Medical Illustration as a communication tool
There are many ways in which people communicate, and visual communications is one of the most successful. Medical Illustration is a field of study that combines medicine, communication, and visualization. By using visuals such as illustrations and photographs, concepts and ideas can be transferred quickly and even transcend languages.
Even if you don’t know any Japanese words, with images it is simpler to guess that the characters above link to the different parts of the brain.
Information is power, but it is only as useful as it is understandable. As more medical fields become highly specialized, instantly connecting the audience to the niche subject matter will become more and more important.
Illustrations are especially useful in achieving what cameras cannot capture. In medical illustration, complex structures and concepts can be easily visualized. Illustrations have the power to show almost anything that the illustrator can conjure.
The most successful medical illustrations combine accuracy, clarity, and story-telling to selectively render pertinent information to a specific audience. Medical illustrators are highly trained in fields of medicine, science, and art. Their expertise is to solve visual problems using their ability to communicate effectively to a variety of audiences. Medical illustration can be found in a range of formats from textbooks to patient education brochures to presentations teaching surgical procedures.
For a good example of advantages of illustrations over photographs, I created a presentation visual describing a step in a septoplasty procedure performed to correct a deviated nasal septum.
This illustration includes two different viewpoints of the same step of the surgical procedure. On the left is an anterior surgical view depicting the placement of the instruments. On the right is a mid-sagittal section showing the movement of the instruments used. Using arrows is an effective way to clearly show directional motion. Dotted line indicates how far the mucosal layer has to be elevated.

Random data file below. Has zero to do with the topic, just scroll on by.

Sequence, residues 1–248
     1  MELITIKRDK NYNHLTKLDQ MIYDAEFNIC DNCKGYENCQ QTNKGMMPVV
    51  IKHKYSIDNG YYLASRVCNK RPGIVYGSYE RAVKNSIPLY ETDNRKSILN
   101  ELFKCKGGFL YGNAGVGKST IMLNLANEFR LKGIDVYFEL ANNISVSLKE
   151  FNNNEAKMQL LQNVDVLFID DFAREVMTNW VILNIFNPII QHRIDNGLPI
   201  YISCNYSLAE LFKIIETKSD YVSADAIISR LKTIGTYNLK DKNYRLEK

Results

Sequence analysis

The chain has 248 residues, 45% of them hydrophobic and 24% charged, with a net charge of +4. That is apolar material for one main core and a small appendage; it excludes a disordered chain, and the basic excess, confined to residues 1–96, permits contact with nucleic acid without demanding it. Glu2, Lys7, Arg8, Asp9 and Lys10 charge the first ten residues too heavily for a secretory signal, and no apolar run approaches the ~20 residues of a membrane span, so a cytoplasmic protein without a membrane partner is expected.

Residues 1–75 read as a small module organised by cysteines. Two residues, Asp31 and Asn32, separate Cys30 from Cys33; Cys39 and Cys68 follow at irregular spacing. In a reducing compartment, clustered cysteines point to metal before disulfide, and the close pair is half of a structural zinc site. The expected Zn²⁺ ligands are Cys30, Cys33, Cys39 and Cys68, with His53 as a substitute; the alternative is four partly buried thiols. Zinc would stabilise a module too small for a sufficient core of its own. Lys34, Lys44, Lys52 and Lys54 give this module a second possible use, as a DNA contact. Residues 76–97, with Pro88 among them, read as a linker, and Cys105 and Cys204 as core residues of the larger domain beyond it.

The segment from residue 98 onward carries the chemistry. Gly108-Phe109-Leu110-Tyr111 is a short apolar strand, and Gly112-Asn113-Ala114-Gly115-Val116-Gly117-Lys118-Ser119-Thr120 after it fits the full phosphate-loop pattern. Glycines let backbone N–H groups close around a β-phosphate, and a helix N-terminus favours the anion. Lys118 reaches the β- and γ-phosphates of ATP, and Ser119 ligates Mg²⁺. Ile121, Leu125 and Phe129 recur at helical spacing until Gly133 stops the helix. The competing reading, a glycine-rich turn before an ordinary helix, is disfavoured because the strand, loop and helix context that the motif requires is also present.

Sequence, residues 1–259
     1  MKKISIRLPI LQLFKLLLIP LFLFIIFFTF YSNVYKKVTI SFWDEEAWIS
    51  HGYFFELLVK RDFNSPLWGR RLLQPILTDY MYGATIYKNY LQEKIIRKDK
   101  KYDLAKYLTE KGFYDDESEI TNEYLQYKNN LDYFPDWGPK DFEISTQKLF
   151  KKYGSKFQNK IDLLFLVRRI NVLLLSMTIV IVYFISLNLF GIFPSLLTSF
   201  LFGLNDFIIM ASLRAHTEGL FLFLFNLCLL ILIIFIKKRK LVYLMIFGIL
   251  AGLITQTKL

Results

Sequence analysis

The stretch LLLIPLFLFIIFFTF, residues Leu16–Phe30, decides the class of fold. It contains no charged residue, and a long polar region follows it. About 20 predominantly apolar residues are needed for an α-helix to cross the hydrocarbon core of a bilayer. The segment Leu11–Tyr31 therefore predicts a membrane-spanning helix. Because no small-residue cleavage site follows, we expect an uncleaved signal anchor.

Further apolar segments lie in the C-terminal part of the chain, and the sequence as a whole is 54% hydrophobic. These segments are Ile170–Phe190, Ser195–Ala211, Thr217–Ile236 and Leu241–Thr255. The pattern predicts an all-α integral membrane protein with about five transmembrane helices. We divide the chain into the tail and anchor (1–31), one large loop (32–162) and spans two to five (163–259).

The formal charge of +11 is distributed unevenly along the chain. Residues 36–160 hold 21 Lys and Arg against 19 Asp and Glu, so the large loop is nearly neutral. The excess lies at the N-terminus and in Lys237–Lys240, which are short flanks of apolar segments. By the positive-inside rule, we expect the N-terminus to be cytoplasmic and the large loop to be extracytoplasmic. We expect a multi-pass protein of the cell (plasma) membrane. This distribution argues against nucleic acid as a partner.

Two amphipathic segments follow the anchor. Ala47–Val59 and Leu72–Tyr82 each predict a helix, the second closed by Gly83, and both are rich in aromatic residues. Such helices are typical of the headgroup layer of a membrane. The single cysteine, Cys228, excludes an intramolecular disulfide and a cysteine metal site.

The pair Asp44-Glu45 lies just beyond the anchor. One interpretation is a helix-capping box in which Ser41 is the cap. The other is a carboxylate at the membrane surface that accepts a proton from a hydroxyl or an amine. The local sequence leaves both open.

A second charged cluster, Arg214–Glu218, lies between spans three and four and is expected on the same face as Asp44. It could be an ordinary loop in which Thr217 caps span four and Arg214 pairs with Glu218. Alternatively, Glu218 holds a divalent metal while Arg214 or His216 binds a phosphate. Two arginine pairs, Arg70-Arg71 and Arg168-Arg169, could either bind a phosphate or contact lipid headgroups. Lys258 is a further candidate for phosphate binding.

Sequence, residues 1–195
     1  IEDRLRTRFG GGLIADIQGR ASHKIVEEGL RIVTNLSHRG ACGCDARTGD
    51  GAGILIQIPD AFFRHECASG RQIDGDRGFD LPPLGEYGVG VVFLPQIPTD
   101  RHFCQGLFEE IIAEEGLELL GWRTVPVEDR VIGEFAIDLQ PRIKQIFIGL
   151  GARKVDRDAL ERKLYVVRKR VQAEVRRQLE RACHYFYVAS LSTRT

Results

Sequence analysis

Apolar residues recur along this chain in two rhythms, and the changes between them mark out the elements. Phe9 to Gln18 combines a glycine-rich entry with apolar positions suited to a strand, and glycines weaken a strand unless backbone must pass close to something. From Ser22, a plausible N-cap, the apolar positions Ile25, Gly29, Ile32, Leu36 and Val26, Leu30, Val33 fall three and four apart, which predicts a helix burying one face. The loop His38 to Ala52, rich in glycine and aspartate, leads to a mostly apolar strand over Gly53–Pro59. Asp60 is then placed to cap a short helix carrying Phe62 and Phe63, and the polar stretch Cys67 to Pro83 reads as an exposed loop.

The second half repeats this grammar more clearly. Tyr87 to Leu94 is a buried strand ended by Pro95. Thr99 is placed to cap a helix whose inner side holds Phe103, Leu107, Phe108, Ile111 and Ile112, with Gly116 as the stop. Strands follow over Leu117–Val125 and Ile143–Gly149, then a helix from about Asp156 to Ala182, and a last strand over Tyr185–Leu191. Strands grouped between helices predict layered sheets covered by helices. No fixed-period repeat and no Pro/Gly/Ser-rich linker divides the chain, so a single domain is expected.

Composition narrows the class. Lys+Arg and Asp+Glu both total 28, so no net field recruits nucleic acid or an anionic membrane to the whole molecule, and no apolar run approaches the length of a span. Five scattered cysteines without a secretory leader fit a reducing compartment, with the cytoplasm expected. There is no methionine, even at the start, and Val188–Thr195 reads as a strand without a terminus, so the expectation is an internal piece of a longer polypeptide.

First of all, it is really difficult to stand behind a surgeon to photograph the patient’s nasal cavity. There are usually the attending surgeon, the resident, scrub nurse, and circulating nurse in the room. Photographs cannot capture a mid-sagittal view since it is impossible to slice the patient in half during surgery.
After I presented the illustration that contained two different views of one step, an otolaryngology surgeon commented, “That is really neat how you are showing this. It is so small; it is hard to see what is happening even when you are looking over a surgeon’s shoulder. We learn this step by feel.”
This piece was a product of concise communication between the content expert and a medical illustrator reviewing the anatomy, procedure, and the techniques to accurately portray how the surgery is performed.
Join the discussion and let me know how medical illustration has helped you understand something or found it useful when teaching others. Share a lesson learned from visual communications below, and please share this post if you know others who have benefited from medical illustration.